If you have a case pending in the Lehigh County court, you can visit www.LehighCounty.org for the county’s website. On the site you’ll find information on various court offices, individual judges and the legal opinions from cases published by those judges. The structure of Lehigh County courts is the same as all other counties in Pennsylvania, with the exception of Philadelphia, which has its own municipal court and is structured separately from all other counties in Pa.
If you have a case pending in the criminal courts of Lehigh County, you will primarily be dealing with the following offices:
1) Magisterial District Court judges—these are the magistrate judges, broken up into districts, throughout Lehigh County. The district where your criminal offense occurred is where charges will be filed, filed by the municipal police from that district (or the Pennsylvania State Police). These judges used to be called “justices of the peace,” and perform a variety of duties, including in criminal cases holding the bail hearing and/initial arraignment of persons arrested, along with the preliminary hearing to determine probable cause on the charges. To learn more about the preliminary hearing process, click here. (I will write a separate blog article on preliminary hearings.)
2) Lehigh Valley Pretrial Services—this is the county’s bail agency. When a person is arrested and in police custody, he should be brought before a magistrate judge to be arraigned and set bail. For more information about bail, click here. Private bail bondsmen agencies are also available in Lehigh County, but for a variety of reasons, persons posting bail may choose to use the county’s bail agency, Lehigh Valley Pretrial Services, which oversees those who are permitted to post a 10% bail bond in Lehigh County. Pretrial Services also oversees supervision on bail of those may have posted bail with a private bail bondsman but who are required to be actively supervised, under terms that can be set by the magistrate. Conditions of bail that Pretrial Services would commonly oversee are things like regular and random urinalysis, drug or alcohol treatment in an inpatient or outpatient setting, mental health evaluations and inpatient or outpatient services.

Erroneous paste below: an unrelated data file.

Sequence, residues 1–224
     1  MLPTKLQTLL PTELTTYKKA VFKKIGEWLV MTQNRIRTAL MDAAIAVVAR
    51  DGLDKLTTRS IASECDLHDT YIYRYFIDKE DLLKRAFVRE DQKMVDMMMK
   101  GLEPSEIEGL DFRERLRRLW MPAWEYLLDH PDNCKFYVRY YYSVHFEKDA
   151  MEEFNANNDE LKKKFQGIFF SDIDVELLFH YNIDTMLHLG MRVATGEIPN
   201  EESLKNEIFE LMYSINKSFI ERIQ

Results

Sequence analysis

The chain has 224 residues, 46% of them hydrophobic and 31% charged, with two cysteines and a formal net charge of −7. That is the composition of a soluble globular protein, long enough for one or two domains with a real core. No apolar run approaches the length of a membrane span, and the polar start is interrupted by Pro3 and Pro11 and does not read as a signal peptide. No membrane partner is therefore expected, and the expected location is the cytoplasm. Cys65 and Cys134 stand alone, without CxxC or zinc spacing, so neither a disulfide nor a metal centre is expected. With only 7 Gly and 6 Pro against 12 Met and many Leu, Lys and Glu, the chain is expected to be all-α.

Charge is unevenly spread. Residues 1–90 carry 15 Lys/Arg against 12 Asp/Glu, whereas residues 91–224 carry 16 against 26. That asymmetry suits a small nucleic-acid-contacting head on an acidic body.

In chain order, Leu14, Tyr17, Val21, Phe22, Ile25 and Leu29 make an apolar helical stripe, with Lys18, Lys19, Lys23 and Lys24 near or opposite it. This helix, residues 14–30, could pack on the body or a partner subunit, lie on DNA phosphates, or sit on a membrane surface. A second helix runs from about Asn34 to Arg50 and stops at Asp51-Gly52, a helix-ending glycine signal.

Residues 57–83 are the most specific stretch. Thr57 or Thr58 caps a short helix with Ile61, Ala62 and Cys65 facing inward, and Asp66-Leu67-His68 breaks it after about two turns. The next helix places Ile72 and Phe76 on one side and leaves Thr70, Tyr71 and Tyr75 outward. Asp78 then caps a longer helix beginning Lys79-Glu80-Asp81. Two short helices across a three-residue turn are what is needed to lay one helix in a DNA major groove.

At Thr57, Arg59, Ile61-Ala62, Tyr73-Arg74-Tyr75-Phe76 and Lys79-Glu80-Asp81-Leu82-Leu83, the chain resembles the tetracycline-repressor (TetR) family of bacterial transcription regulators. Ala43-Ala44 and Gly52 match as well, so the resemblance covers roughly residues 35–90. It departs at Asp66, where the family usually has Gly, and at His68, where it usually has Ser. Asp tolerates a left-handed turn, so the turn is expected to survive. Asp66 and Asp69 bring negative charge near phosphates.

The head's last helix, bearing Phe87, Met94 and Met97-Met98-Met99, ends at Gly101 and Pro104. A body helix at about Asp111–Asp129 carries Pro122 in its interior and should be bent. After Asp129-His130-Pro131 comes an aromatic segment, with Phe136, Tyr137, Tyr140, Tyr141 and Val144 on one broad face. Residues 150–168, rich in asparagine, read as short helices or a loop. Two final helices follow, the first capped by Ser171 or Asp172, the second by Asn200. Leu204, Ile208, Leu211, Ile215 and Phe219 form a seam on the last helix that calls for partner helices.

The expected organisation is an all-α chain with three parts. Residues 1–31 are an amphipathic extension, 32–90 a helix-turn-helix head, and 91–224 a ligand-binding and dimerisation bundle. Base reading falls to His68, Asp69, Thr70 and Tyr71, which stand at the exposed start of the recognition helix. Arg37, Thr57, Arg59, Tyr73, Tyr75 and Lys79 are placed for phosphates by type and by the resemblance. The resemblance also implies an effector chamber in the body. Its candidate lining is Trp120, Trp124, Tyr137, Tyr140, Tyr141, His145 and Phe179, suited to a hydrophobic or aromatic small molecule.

3) Clerk of Courts—this is the office that maintains official court files and accepts filings of all documents by both attorneys and unrepresented persons. The website for the county listed above has the filing fees for the clerk of courts posted, so that you know how much you have to pay before filing something with the court. As a general rule, if a criminal case is already pending with an open court file, you don’t need to pay a fee to file a petition or motion (i.e. a motion for bail reduction or motion for work release, as some examples). If there was an open criminal case, but the matter has been closed, there may be certain filing fees, such as filing a Petition to expunge a criminal record. If you are indigent (no income/low income), you may be able to qualify to file certain things for free, with no filing fee, but you would have to demonstrate your income levels before you’d be considered eligible. In my experience, it’s usually only inmates in a prison that can reach this level of indigency in order to have all filing fees waived.